The art of isolation
Art has helped some youngsters overcome the confines of lockdown and health conditions while living in small apartments.
Wan Jamila Wan Shaiful Bahri, a 17-year-old autistic painter from Malaysia, devoted her time to creating her Our Heroes series in tribute to front-line workers.
"I compile all the stories I saw in the daily news regarding coronavirus," she told AFP, from her studio at her home just outside Kuala Lumpur.
Better known under the name Artjamila, the teen proudly showed one of her canvasses, depicting people dressed in blue, with big, dark eyes looking worried above their masks.
One of her works was selected for a health ministry awareness campaign.
More than 10,000 kilometres away (6,000 miles) in North Macedonia, high school student Eva Stojcevska found a way to keep her passion for drama alive, despite performances being cancelled.
To save her school's annual cultural festival, the 16-year-old from Skopje and her friends reorganised it on Facebook instead where several dozen people took to the virtual stage for live shows.
With more than 40,000 views and rave reviews, it "turned out a lot better than expected," she said.
From Hong Kong to Santiago and in other cities too, the epidemic forced the temporary suspension of demonstrations for change by pro-democracy movements.
But, says 24-year-old Camila, from Chile, they're only on pause.
Preferring not to divulge her surname, she said that she had taken part in protests against social inequality in her country since the end of October.
"This government prefers to risk seeing you die than to see its companies suffer losses," she claimed.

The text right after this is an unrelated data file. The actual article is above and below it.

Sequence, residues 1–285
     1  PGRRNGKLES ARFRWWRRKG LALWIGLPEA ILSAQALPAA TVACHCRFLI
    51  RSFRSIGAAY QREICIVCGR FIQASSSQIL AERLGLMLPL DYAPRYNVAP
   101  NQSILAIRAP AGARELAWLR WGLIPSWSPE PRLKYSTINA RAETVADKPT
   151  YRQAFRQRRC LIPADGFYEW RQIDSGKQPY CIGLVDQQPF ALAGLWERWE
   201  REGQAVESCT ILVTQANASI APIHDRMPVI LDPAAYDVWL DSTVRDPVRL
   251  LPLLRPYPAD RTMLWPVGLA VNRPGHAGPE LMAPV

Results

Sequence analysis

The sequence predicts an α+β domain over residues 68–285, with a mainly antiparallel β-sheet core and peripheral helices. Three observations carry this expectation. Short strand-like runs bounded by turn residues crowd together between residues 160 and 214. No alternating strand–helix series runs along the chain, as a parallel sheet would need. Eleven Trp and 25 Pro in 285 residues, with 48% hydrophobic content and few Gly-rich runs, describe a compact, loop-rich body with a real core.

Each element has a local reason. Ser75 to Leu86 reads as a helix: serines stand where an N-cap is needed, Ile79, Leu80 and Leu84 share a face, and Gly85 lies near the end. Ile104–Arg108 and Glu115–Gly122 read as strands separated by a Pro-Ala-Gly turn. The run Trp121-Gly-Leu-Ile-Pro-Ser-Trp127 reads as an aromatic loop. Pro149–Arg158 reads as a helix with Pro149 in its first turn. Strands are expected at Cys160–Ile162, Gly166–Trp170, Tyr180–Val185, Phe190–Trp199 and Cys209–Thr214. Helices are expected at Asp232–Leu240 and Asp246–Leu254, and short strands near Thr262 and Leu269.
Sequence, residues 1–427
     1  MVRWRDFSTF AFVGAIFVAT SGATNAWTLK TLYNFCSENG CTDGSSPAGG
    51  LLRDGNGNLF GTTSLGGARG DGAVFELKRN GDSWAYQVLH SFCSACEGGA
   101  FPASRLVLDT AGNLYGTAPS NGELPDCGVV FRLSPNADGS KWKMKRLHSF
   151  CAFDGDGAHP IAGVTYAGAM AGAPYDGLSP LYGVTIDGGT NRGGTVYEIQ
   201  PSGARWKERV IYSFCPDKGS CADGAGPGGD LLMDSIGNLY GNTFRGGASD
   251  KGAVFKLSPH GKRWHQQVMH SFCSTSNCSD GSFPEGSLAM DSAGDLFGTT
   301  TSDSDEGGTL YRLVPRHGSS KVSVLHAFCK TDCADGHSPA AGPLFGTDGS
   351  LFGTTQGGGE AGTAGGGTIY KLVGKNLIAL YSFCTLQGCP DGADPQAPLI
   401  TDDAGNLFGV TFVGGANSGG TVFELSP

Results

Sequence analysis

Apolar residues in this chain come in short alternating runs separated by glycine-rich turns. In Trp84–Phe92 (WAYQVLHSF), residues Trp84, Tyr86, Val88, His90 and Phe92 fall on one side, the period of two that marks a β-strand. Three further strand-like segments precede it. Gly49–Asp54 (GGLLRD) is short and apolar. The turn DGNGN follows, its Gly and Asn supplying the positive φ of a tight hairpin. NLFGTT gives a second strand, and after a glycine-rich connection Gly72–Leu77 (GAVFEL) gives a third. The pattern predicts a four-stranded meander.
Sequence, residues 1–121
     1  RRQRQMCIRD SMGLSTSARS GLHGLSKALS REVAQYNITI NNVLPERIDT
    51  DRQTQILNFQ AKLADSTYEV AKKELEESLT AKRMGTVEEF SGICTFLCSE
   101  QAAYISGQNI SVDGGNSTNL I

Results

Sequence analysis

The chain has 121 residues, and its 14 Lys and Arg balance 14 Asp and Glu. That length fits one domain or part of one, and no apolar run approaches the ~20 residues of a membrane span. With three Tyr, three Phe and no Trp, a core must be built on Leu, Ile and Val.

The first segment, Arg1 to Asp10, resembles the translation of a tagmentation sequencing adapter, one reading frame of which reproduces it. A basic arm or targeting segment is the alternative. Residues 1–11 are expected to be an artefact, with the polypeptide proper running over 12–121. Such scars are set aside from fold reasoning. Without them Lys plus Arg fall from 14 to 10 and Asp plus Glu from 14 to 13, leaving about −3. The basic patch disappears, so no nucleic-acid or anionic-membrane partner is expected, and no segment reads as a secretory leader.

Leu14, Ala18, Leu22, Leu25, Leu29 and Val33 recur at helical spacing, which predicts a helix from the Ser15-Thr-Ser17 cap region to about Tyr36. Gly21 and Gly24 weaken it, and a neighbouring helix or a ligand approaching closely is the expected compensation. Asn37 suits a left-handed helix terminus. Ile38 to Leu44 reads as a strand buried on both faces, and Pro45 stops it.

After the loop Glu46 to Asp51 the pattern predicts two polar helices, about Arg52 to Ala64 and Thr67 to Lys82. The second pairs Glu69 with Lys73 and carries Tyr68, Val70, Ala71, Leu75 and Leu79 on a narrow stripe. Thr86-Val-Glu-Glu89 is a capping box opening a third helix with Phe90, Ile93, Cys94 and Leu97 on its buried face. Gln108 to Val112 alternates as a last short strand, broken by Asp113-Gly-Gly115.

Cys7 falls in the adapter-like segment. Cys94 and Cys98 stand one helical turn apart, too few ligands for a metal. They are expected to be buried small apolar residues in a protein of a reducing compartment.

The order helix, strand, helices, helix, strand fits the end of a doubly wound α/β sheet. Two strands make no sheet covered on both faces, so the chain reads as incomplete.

In the face of exploding unemployment in the poorest parts of the Chilean capital, Santiago, some residents have already defied the lockdown to demonstrate and call for food aid.
And, warns Camila, when the pandemic is over, many will take to the streets again because they have lost a loved one and the government didn't look after them.
As for the future?
As well as feelings of injustice and, at times, anger, the young people that AFP met expressed great optimism and hope that positive lessons will be learned from the unprecedented crisis.
"I hope that, in future, people will be more aware of their health, more aware for the environment around them and understand that even their smallest steps can influence everyone," said Stojcevska, emphasising the looming climate threat for future generations.
Badi, the sportsman, longs for society to be more focused on equality and social cohesion.
"We realise that certain jobs, usually neglected, in the end are more important," he said, referring to how there would have been nothing to eat without cashiers showing up for work during lockdown.
However, for many young people the pandemic has made their economic futures more uncertain.
According to an International Labour Organization study, the 15- to 24-year-olds are already the main victims of the economic slump, with one in six out of work.
As the world faces historic economic and social costs from the pandemic, Sabah, the refugee, knows that hard times still lie ahead.
"But they won't last forever," she said.